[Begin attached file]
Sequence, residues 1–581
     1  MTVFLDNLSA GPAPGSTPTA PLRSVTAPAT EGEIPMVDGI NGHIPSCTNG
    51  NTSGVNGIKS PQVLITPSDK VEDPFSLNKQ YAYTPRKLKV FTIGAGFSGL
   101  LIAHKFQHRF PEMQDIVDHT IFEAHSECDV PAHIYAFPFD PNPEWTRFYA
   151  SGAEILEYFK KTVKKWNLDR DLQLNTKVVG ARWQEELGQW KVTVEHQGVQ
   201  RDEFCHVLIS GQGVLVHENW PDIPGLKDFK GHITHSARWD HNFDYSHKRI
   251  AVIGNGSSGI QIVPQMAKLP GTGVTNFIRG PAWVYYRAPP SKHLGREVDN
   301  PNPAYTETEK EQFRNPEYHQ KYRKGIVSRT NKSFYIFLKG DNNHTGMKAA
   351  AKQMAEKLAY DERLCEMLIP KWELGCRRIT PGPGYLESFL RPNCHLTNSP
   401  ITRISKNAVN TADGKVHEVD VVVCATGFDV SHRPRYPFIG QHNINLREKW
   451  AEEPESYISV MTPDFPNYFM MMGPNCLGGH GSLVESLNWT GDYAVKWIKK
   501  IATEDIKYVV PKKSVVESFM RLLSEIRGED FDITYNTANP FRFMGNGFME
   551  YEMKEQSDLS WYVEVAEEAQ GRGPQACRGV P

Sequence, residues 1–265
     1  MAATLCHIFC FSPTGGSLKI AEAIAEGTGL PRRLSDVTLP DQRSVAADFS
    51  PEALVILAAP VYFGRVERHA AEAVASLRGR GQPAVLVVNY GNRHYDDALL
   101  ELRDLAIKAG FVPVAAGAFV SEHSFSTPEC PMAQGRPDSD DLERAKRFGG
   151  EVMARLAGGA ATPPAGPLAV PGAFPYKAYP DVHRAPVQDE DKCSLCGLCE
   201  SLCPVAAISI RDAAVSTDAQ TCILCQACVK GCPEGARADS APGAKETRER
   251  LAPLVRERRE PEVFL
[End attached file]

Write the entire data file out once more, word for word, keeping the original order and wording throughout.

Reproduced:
Sequence, residues 1–581
     1  MTVFLDNLSA GPAPGSTPTA PLRSVTAPAT EGEIPMVDGI NGHIPSCTNG
    51  NTSGVNGIKS PQVLITPSDK VEDPFSLNKQ YAYTPRKLKV FTIGAGFSGL
   101  LIAHKFQHRF PEMQDIVDHT IFEAHSECDV PAHIYAFPFD PNPEWTRFYA
   151  SGAEILEYFK KTVKKWNLDR DLQLNTKVVG ARWQEELGQW KVTVEHQGVQ
   201  RDEFCHVLIS GQGVLVHENW PDIPGLKDFK GHITHSARWD HNFDYSHKRI
   251  AVIGNGSSGI QIVPQMAKLP GTGVTNFIRG PAWVYYRAPP SKHLGREVDN
   301  PNPAYTETEK EQFRNPEYHQ KYRKGIVSRT NKSFYIFLKG DNNHTGMKAA
   351  AKQMAEKLAY DERLCEMLIP KWELGCRRIT PGPGYLESFL RPNCHLTNSP
   401  ITRISKNAVN TADGKVHEVD VVVCATGFDV SHRPRYPFIG QHNINLREKW
   451  AEEPESYISV MTPDFPNYFM MMGPNCLGGH GSLVESLNWT GDYAVKWIKK
   501  IATEDIKYVV PKKSVVESFM RLLSEIRGED FDITYNTANP FRFMGNGFME
   551  YEMKEQSDLS WYVEVAEEAQ GRGPQACRGV P

Sequence, residues 1–265
     1  MAATLCHIFC FSPTGGSLKI AEAIAEGTGL PRRLSDVTLP DQRSVAADFS
    51  PEALVILAAP VYFGRVERHA AEAVASLRGR GQPAVLVVNY GNRHYDDALL
   101  ELRDLAIKAG FVPVAAGAFV SEHSFSTPEC PMAQGRPDSD DLERAKRFGG
   151  EVMARLAGGA ATPPAGPLAV PGAFPYKAYP DVHRAPVQDE DKCSLCGLCE
   201  SLCPVAAISI RDAAVSTDAQ TCILCQACVK GCPEGARADS APGAKETRER
   251  LAPLVRERRE PEVFL